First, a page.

By Mark Wolf
If we could only get these teenagers to quit talking on their cellphones while they're behind the wheel, we could make our roads a lot safer.
True enough, as far as it goes, but it might surprise that teenagers aren't the worst offenders when it comes to using their cellphones while driving. That honor goes to the 20- to 29-year olds, according to the American Automobile Association.
And the worst distractions are not the conversations teenage drivers have on their phones, but the ones they have with their peer passengers.
A few years back, AAA took a hard look at distracted driving and was lobbying for anti-texting and complete bans on hand-held devices, Jake Nelson, AAA's director of traffic safety advocacy and research told an NCSL Capitol Forum session on distracted driving.
"What we realized that getting phones out of our hands was going to be next to impossible," he said. "We chose to look at what's coming down the pike, turning the dashboard into a smartphone."
After examining several technologies, he said, "none of the systems truly allowed the driver to keep their hands on the wheel or eyes on the road. Some navigation systems you can do while driving and it can take several minutes (to input a destination).
"We have to focus on more behavioral things. It's going to be decades before we have fully autonomous vehicles on the road to see some of the safety benefits."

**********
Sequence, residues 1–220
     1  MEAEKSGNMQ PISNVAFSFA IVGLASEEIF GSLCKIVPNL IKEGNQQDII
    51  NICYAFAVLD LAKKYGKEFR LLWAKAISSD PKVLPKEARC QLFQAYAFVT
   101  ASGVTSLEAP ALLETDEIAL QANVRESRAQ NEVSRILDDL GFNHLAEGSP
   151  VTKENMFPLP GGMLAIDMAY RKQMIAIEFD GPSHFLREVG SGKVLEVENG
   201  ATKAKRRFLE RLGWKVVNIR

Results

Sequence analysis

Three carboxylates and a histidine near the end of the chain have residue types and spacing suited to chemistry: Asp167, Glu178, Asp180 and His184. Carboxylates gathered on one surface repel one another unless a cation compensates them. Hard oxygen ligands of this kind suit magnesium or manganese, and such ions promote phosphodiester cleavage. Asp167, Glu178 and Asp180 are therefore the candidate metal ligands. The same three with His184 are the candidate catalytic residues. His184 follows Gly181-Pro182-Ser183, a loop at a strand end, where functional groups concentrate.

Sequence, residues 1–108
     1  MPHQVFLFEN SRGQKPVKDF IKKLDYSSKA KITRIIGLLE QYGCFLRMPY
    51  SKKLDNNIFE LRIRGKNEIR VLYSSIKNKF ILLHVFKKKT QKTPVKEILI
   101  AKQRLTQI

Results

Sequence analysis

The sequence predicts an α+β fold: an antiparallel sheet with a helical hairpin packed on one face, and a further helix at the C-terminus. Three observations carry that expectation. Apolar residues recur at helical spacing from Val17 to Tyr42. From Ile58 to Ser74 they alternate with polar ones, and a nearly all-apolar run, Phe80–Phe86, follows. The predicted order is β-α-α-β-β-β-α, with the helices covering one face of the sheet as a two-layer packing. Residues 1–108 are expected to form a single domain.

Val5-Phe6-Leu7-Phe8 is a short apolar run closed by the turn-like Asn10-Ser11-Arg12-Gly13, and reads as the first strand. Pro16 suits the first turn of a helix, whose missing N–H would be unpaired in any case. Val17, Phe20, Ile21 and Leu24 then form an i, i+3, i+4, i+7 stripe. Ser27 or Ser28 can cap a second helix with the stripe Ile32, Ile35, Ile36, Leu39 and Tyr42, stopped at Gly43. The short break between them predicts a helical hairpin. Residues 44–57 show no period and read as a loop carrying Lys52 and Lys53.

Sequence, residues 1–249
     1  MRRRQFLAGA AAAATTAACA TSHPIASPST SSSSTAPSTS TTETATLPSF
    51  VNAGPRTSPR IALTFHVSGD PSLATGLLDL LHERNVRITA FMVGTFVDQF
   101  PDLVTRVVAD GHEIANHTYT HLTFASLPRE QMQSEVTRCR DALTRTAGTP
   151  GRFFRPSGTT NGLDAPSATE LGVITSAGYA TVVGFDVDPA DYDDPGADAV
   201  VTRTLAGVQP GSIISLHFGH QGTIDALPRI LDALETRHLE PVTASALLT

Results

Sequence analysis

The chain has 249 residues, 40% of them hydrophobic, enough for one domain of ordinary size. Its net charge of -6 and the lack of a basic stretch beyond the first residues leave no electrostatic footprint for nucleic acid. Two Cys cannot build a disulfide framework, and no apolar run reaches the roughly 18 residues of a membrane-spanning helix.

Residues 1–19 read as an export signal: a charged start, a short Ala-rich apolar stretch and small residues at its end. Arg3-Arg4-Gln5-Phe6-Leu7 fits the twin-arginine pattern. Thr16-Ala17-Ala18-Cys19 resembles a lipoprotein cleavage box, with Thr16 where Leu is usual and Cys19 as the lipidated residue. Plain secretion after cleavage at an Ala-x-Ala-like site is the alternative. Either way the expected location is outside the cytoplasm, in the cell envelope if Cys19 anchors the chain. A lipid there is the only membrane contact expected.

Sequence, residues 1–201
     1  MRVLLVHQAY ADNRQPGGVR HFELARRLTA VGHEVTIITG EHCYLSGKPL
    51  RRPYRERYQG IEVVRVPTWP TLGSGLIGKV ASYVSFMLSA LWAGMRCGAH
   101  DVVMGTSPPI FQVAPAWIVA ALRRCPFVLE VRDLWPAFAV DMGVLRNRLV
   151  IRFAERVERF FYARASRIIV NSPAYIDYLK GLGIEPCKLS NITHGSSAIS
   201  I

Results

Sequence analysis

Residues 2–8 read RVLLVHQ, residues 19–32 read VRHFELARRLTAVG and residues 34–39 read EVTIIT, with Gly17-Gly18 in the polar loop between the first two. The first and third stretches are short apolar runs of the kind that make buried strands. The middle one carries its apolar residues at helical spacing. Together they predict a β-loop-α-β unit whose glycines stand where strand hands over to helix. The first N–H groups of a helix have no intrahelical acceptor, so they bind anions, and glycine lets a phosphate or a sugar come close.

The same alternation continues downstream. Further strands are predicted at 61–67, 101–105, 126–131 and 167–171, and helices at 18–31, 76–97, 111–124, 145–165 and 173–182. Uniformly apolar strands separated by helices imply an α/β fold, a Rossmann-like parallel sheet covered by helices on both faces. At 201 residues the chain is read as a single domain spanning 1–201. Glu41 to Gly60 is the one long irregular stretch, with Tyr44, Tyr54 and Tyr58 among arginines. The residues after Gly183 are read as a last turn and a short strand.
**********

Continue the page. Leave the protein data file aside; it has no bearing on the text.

California has a strict hands-free cell phone law but allows phones to be mounted on the dashboard. Drivers are restricted to either tapping or swiping their phones.
"You can't dial or look up a phone number," said San Diego police officer Mark McCullough. "If it's not verbal, it's hands-off."
San Diego has used plainclothes officers to stand on corners and spot drivers who are talking or texting on a hand-held devices. The officer notes the make and license plate of the car and another officer around the corner pulls them over.
Still, McCullough says, officers see a variety of driving distractions that have nothing to do with phones,
"I happen to live in one of the most visually distracting places," said McCullough. "I've seen people changing clothes in their car on the way to the beach and there's no law against that."
Time was when an officer could ask for a driver's cellphone and document whether they were talking or texting.
"Now we need a warrant and you're not going to do that on a simple collision," said McCullough.
While conversations with the driver may be dangerous, especially among peers and when a driver turns his/her head to look at the passenger, an in-vehicle conversation tends to moderate according to driving conditions in a way that a cell phone conversation doesn't, Nelson said.
"It's a tough one for us," he said. "Most data is related to interacting with a cellphone but only about 1 percent of crashes involving death had something to do with a phone.
"Our challenge is legislators want data and it's not there."
McCullough said he believes graduated driver's licensing and classes conducted by police officers in schools are making a dent in the prevalence of distracted driving, "but they (young drivers) still talk to passengers and they still eat.
"We've taught our kids it's OK to multitask while they drive. We put it in the parent's lap. It's up to you to set the example both for distracted driving and DUI."
Mark Wolf is the editor of the NCSL Blog.